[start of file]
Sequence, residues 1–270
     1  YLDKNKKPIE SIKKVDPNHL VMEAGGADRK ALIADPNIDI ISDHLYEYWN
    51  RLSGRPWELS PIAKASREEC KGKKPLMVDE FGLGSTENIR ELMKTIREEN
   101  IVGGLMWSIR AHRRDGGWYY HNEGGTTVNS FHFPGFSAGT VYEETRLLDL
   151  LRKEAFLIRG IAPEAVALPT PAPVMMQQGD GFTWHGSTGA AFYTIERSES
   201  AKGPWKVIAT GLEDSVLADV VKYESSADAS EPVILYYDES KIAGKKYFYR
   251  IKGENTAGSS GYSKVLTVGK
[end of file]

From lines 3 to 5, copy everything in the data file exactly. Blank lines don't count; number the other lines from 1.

    51  RLSGRPWELS PIAKASREEC KGKKPLMVDE FGLGSTENIR ELMKTIREEN
   101  IVGGLMWSIR AHRRDGGWYY HNEGGTTVNS FHFPGFSAGT VYEETRLLDL
   151  LRKEAFLIRG IAPEAVALPT PAPVMMQQGD GFTWHGSTGA AFYTIERSES